She always dreamed of attending college. Being undocumented was the roadblock to that dream. She received zero financial aid and had limited support from her teachers and counselors. “She picked up the pencil and did it herself,” her brother said. Miriam Hernandez will be next year’s ASI vice president.
She held back tears as she talked about the sacrifices her parents made to bring her and her siblings to America. Hernandez is undocumented. She said there was always a doubt about where she would attend college. Her parents dream for her to be educated is why they came to America, and it became her dream as well.
“It was the reason why my parents brought us to this country,” Associated Students Sen. Miriam Hernandez said. She said her parents sacrificed their family, tradition and culture to bring her to “the land of opportunity.”
On June 1, Hernandez will assume the position of vice president for ASI at California State University, Long Beach. Hernandez will join forces with next year’s ASI President Jose Salazar, the first undocumented president.
“Being undocumented has allowed [Jose and myself] to see the world very differently,” Hernandez said. “My status has allowed me to see all students and their circumstances.”
Hernandez’s brother, Juan Hernandez-Campos, played a big role in her run for vice president. Not only did he sponsor her campaign, but he also pushed and challenged her to become vice president.
“My sister is the kind of person that if she gets something into her head, and she wants to do it, she goes and does it,” Campos said.
Hernandez said that her brother, a Harvard graduate, is the inspiration behind her dream of attending college. She said that at Harvard, Campos was given the resources to be successful. As for herself, Hernandez said that she has had to “work hard to open the doors” of opportunity.
Hernandez said she always had a hard time putting herself into “big positions.” It wasn’t until she was involved with the Dream Success Center task force that Hernandez felt her voice, as an undocumented student, wasn’t being heard. She decided that to be heard, she needed to become an ASI senator.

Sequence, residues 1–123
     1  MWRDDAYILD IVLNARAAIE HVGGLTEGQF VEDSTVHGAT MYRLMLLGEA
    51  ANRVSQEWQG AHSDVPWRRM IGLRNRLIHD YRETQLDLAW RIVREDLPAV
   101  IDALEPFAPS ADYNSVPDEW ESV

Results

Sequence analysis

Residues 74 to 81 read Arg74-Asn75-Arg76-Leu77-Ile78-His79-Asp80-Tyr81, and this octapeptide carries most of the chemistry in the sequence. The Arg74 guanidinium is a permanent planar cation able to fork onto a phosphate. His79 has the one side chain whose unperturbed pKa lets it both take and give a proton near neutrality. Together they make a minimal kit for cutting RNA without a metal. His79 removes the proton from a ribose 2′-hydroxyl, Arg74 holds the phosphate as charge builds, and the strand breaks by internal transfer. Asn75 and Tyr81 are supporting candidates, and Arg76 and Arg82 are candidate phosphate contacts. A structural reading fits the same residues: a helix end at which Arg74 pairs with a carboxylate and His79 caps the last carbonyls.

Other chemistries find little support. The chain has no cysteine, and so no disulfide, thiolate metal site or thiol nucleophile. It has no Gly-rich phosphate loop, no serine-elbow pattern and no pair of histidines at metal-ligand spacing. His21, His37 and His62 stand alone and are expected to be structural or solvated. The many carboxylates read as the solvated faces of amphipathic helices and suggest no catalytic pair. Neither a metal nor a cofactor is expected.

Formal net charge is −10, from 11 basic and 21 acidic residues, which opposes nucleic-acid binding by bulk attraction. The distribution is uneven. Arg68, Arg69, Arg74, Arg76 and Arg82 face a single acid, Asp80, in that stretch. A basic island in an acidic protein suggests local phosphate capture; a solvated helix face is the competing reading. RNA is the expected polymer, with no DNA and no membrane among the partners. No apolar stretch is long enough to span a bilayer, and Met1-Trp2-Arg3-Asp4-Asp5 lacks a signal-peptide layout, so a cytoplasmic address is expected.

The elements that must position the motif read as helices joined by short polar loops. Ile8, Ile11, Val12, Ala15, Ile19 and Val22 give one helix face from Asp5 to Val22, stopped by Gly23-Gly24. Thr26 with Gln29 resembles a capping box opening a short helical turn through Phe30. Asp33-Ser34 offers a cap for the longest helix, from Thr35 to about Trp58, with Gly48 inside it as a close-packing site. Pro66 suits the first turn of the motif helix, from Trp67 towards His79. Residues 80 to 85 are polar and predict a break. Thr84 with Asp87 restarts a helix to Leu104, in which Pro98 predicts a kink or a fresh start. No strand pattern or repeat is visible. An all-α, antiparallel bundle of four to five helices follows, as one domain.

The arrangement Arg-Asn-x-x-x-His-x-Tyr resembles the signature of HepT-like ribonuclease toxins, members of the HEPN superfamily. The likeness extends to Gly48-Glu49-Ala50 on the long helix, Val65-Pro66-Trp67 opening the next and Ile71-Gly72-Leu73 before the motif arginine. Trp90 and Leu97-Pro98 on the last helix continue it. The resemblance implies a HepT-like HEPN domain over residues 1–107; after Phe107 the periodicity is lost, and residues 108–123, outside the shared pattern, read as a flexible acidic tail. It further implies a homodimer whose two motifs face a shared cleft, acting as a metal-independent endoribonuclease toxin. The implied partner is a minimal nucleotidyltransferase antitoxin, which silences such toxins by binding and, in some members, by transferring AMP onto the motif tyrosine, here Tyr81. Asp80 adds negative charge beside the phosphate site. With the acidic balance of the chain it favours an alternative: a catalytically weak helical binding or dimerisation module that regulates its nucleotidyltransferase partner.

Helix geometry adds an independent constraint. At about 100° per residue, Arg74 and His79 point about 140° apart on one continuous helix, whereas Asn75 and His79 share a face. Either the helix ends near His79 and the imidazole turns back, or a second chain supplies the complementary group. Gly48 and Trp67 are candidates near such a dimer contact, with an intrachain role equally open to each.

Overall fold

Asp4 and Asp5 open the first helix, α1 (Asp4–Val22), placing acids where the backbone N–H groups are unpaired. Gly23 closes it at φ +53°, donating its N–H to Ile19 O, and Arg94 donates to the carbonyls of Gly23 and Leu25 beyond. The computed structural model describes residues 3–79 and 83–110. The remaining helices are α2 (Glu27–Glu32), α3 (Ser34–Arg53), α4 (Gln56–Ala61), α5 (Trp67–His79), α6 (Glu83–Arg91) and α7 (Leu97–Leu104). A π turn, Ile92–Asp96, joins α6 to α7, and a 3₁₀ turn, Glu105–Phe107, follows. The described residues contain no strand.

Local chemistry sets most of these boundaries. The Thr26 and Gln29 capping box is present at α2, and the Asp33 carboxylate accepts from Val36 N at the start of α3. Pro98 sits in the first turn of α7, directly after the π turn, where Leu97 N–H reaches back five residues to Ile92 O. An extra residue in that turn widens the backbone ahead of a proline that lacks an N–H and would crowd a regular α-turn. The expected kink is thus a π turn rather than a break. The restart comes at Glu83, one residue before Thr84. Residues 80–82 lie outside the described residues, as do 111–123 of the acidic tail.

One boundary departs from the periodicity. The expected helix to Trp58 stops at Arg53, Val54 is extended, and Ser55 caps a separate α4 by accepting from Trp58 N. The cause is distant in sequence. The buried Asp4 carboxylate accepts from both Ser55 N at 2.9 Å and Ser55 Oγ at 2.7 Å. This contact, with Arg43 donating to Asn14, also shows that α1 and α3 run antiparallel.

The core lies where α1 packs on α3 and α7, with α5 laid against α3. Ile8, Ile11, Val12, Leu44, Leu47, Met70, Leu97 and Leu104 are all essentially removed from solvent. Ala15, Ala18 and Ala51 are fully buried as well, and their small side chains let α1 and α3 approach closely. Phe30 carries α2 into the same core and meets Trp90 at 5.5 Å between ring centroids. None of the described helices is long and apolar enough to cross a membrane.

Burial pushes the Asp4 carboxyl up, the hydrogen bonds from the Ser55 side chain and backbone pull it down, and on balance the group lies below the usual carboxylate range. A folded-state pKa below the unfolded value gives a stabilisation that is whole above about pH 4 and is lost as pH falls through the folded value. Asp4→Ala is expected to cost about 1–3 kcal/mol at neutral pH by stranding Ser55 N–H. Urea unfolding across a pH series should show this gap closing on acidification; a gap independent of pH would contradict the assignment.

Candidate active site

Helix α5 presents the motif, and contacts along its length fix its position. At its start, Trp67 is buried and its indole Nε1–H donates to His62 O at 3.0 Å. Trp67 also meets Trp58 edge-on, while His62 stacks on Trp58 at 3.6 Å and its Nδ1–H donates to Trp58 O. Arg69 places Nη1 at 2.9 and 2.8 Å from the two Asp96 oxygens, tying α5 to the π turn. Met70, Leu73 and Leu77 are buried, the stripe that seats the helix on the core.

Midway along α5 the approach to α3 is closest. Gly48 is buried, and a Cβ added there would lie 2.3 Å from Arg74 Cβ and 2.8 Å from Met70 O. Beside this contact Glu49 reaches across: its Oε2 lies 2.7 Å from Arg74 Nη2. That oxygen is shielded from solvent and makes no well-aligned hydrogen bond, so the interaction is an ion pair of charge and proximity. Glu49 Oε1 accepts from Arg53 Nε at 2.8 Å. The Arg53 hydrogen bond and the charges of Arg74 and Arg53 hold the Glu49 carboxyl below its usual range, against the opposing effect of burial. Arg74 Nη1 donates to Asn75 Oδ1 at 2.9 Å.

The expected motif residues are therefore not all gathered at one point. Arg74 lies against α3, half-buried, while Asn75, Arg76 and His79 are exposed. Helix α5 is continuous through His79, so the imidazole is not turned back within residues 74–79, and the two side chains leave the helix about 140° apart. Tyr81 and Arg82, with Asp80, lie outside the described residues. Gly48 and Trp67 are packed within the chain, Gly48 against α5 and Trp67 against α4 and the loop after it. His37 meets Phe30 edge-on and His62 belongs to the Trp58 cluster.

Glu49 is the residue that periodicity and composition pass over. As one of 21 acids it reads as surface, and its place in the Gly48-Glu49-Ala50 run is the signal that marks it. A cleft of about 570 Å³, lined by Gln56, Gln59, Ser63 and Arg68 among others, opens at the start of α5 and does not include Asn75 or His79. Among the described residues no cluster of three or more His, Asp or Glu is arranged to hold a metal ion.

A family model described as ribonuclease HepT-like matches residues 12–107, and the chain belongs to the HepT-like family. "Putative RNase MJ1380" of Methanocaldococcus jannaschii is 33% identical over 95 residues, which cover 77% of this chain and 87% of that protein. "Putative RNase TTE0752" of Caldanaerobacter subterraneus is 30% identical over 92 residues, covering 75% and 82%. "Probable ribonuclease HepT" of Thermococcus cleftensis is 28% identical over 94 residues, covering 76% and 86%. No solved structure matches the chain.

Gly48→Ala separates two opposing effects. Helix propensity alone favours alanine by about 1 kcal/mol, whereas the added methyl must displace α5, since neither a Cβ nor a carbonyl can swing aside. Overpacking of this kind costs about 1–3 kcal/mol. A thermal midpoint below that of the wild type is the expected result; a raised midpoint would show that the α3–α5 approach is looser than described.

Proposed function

But the dream didn’t stop at becoming senator Hernandez reached for the stars and was able to become next years vice president.
While in office as a senator, Hernandez has worked closely with ASI Vice President Nayiri Baghdassarian. Their meetings lately have been less about senate and more geared toward Hernandez’s transition into the vice president role.
“I want to thoroughly transition her and I want her questions to be answered,” Baghdassarian said. “I am going to be here if she needs me but once she gets through that first month she is going to be fine.”
Being an undocumented leader at CSULB isn’t going to affect Hernandez’s role, Baghdassarian said.
“It is just one more bank of knowledge [Salazar and Hernandez] have for another demographic on campus,” Baghdassarian said. “I think it would help that they are knowledgeable in those things but…their job is so much more.”
Hernandez has big goals for next year and encourages all students to take part of their community and be more involved on campus.
“[CSULB] is more than just a place to take classes, make it your home,” Hernandez said. “Be more active on campus, ask questions, read the newspaper, be informed with what is happening on campus and don’t let this experience get passed you.”